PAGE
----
A Question About Auction

A Question about Auctions
In looking through some files we came across this inquiry addressed some time ago to our own Dave Bowers—and the answer he gave:

Question: Dear Dave” I want to thank you very much for your weekly column "The Joys of Collecting" in Coin World. I look forward to reading it every week.
I am wondering if one of your future topics for your column might discuss the numismatic origins and history of the 15% buyer’s fees we normally all have to pay when purchasing coins for our collections. If you could also include your opinion on the pros and cons of the buyer’s fee and discuss the relevancy of this fee in today’s market that would be very nice.
I really do not enjoy having to pay a buyer’s fee, mainly because I do not understand it and wonder why the seller doesn’t just mark up the purchase price. Being a novice collector, I really appreciate all the knowledge that you provide us each week. It has been very helpful to me and helps make collecting coins fun.
Again, thank you for your column and all it provides to those of us who read Coin World. Keep up the outstanding work you do. — Sincerely, J.W.E.
Answer: Dear John The idea of a buyer’s fee for auctions was widely used in the art and antiques field by the time it took hold in numismatics, circa 1982. In its most familiar form today the fee is applied to the hammer price. If an auctioneer sells a lot for $1,000, on the invoice 15% is added, making the total price $1,150.
The 15% is by no means consistent. Some auction houses charge no fee at all, others 10%, and in certain areas of art and antiques, the fee is higher than 15% on lower value items, and is reduced on items of especially high value.
The idea originated in numismatics with the thought that consignors often resented paying a typical reasonable commission to have coins, tokens, medals, and paper money auctioned. The standard seller’s commission for items requiring typical cataloguing and the like used to be about 20%. For certain items, such as gold bullion coins, high denomination paper money, and the like, the seller’s commission would be less. For some other series, say certain tokens, medals, scrip, and the like, it would be higher than 20%. All these figures were negotiable.
Although there was really no difference in the amount of money involved, auction houses found that if they charged the consignor nothing at all, but charged the buyer, say 15%, the seller would feel that he or she was having his material auctioned for free. Of course, this was not the case from a logical viewpoint, but it did have appeal. The system caught on, and soon it was widely used.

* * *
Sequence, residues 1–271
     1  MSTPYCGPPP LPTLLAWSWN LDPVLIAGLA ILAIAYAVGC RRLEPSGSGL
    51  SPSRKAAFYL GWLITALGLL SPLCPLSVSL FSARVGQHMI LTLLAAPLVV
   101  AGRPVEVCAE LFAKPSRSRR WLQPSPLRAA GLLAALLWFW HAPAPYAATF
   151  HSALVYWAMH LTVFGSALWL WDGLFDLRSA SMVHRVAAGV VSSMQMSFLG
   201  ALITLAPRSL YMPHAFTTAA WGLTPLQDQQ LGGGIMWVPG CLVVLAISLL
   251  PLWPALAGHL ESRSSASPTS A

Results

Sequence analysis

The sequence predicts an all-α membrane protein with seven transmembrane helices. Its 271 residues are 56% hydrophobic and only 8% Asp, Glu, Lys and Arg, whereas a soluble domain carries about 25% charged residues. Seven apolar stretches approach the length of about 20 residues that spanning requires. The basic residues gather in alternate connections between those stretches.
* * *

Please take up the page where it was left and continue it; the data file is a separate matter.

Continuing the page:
With regard to you as a bidder, the smart thing to do is to calculate the entire price paid. If $1,150 is the maximum you want to pay for a coin, then you should submit a bid of $1,000 with the thought that if this bid is successful for its full amount, the bill indeed will be $1,150. If you want to pay $1,000, deduct 15%, and bid $850. The math does not work out precisely, for in this instance $850 plus 15% equals $977.50. For a better approximation, deduct 13% from the $1,000 price, yielding $870 hammer price, to which when 15% is added, comes to $1,000.50. Of course, you need a pocket calculator or a computer to figure this out—but it is easy once you set up a system.
Also, be sure to read the fine print. Shipping and handling fees can be relevant on certain lots that have small value. These are not necessarily related to the postage marked on the shipping envelope, as many companies have private insurance and, in any event, handling is not reflected in postage. Some companies have a minimum handling charge for inexpensive lots. In summation, the most important thing is the price you actually pay. Calculate all aspects in advance, including the buyer’s fee, estimated postage and handling charges, and, if relevant, sales tax. Then bid a figure that, when these other charges are added, will approximately equal the amount you wish to pay.
Although this has nothing to do with coin auctions, it is relevant to the fine print—in this instance which I did not read. On e-Bay I bid on an old postcard and won it for $2. I was charged $2 plus $8 for postage. I queried the seller, and he replied, “Postage is how I make my money.”
In a related example, also on e-Bay, a seller advertised something like, “I am not familiar with old paper money, but I have acquired some very nice copies of original sheets of four notes each.…” A bidder thought that “copies” meant “examples,” and offered a strong price. He won, and received the mail some cheap photocopies.
Thanks for writing! I hope this has been of some help.

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